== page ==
Tricky schedule ahead
The first three months of 2010 had the Tigers playing five Test matches and ten one-dayers against four different opponents in varying conditions at home and abroad.
As they board a flight to Sharjah to play in the Port City League, the national cricketers will have to make quick adjustments to their game as they prepare to play three Twenty20 tournaments in the space of forty days after two gruelling Test matches against England. The delayed PCL will now end on April 4 and seven days later the national cricketers will turn up for six different franchises in the newly designed National Cricket League Twenty20s.
The tournament was brought ahead of the NCL one-dayers since it would be a perfect tune-up for the national players ahead of the World Twenty20 Championships. The Tigers fly off to the West Indies on April 25, five days after the local tournament ends.
In the Caribbean, the Tigers play two first round matches against defending champions Pakistan (May 1) and Australia (May 5). Three weeks later, Bangladesh will turn up at Lord's to play the first of two Tests against England.
The muddled schedule is nothing new in international cricket but it will take a huge toll on the already overworked Tigers, who have pushed some of the Test matches this year into the fifth day. Add to that the shift in mindset between two modes of cricket and it makes for tough reading.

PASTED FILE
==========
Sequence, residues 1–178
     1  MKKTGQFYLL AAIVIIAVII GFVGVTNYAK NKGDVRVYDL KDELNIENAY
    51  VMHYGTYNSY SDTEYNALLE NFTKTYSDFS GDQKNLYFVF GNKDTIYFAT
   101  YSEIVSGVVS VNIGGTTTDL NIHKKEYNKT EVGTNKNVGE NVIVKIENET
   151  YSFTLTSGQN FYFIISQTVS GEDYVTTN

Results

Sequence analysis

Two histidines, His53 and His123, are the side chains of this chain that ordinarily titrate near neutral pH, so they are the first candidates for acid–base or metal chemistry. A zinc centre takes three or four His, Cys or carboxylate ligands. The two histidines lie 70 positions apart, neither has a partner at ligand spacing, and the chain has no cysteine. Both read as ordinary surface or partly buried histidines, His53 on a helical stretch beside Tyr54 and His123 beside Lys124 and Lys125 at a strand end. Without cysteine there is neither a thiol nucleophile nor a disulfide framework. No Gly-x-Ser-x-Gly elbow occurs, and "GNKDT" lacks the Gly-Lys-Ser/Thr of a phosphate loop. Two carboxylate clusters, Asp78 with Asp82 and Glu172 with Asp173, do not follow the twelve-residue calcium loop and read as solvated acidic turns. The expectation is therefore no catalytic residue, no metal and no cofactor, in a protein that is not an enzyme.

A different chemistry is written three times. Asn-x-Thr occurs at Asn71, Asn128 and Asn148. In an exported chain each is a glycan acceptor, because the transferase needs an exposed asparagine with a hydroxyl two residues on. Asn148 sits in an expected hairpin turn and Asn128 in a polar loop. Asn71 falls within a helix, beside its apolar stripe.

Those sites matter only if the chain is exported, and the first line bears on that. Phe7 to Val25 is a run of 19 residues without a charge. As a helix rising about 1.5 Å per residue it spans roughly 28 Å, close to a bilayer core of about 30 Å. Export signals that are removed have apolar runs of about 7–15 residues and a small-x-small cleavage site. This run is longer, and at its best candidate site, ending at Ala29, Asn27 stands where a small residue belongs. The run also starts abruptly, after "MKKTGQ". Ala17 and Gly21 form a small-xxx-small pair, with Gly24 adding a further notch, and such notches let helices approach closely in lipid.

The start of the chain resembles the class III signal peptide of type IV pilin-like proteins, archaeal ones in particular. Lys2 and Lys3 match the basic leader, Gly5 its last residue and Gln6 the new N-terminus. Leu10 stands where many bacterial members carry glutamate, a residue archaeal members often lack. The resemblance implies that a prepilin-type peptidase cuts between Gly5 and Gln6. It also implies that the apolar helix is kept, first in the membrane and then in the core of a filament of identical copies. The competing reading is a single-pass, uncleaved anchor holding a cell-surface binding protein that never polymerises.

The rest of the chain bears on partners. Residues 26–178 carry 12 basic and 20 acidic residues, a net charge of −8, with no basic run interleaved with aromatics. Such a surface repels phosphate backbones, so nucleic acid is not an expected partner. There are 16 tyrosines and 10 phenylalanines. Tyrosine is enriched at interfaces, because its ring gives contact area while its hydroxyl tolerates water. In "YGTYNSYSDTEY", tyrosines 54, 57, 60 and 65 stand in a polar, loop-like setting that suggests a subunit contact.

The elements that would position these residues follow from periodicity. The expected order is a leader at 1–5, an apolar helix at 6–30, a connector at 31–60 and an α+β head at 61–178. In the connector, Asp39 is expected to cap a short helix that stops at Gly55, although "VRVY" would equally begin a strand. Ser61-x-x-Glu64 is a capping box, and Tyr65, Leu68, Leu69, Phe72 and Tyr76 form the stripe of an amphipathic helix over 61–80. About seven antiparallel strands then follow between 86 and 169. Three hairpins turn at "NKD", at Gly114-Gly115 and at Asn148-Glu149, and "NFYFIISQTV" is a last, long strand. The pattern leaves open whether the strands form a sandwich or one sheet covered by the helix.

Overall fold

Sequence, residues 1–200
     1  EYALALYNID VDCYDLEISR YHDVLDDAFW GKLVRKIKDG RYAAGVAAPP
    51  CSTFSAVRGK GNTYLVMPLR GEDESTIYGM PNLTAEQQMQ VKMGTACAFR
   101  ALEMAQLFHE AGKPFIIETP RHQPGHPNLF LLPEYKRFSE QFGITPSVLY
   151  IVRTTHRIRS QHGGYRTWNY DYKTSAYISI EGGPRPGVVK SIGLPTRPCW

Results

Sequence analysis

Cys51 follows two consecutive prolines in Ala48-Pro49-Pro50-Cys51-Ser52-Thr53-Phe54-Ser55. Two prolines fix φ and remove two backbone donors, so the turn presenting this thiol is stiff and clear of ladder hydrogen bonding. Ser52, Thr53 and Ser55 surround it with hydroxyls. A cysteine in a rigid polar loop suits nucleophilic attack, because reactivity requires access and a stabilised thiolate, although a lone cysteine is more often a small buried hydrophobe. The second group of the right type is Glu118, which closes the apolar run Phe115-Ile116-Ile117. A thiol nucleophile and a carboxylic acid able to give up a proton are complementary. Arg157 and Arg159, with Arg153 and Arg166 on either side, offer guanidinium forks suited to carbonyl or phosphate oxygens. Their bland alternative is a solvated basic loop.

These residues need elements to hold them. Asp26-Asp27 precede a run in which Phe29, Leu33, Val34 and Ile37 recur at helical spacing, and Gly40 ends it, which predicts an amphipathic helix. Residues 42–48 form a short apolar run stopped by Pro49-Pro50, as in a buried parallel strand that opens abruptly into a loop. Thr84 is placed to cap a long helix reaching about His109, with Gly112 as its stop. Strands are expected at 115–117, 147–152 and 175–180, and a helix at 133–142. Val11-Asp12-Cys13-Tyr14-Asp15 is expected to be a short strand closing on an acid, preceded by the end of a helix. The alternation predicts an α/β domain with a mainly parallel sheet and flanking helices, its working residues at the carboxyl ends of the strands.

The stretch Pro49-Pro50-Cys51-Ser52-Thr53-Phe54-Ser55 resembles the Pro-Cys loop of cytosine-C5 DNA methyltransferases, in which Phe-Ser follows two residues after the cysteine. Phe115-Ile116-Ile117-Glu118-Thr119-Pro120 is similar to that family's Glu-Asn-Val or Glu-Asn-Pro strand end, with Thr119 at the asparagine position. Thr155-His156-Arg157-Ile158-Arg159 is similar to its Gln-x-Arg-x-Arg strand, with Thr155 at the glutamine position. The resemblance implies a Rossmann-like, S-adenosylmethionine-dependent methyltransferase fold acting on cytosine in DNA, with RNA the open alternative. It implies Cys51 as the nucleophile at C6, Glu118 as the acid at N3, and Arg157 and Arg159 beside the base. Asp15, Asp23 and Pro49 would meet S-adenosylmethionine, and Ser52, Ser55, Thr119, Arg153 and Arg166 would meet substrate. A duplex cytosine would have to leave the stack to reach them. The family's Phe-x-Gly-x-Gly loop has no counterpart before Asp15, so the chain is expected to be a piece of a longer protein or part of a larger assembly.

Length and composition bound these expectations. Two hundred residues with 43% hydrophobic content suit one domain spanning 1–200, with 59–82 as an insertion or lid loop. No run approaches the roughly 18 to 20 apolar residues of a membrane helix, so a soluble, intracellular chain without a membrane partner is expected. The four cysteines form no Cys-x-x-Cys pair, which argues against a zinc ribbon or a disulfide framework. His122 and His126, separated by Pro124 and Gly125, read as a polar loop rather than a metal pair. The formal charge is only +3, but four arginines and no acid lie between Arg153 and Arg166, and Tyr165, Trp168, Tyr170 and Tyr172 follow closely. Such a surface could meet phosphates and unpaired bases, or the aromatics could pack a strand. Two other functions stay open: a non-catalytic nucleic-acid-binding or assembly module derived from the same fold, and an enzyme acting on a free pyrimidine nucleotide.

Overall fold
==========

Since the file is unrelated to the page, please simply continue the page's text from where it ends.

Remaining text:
But according to chief selector Rafiqul Alam, it comes with the territory of playing top-level cricket.
"It is difficult to move from Twenty20s, ODIs and Tests but everybody is doing it. The international calendar was written up a while back and it is all about adjustment in international level," said Rafiqul.
He said the preparation for the World Twenty20s would be smooth with the Tigers playing the PCL and NCL. "The batsman will have no problem to play in the World Twenty20s as by then, they would have played enough Twenty20 games to make the necessary adjustments," said the former national cricketer.
But the real challenge would be to adjust from the Twenty20s to the Tests, that too in England. If the Tigers do not qualify to the Super 8s of the competition, they play two three-day matches against Hampshire and Essex and a four-day game against the England Lions.
It might get tricky if they qualify in the top eight but realistically, they have three weeks and three practice matches to prepare for a stern test.
Rafiqul believes the preparation that is scheduled would be enough for the Tigers. "We have three longer-version matches in England (before the Tests) and I think it will be good enough," he said.
With tricky times ahead, Bangladesh would dearly want their key players in the forefront. And the good news from the chief selector was the re-emergence of Mashrafe Bin Mortaza in the spotlight soon enough.
"The latest I have on Mashrafe is that he has been practicing hard for the Kolkata Knight Riders. He has full fitness now," informed Rafiqul.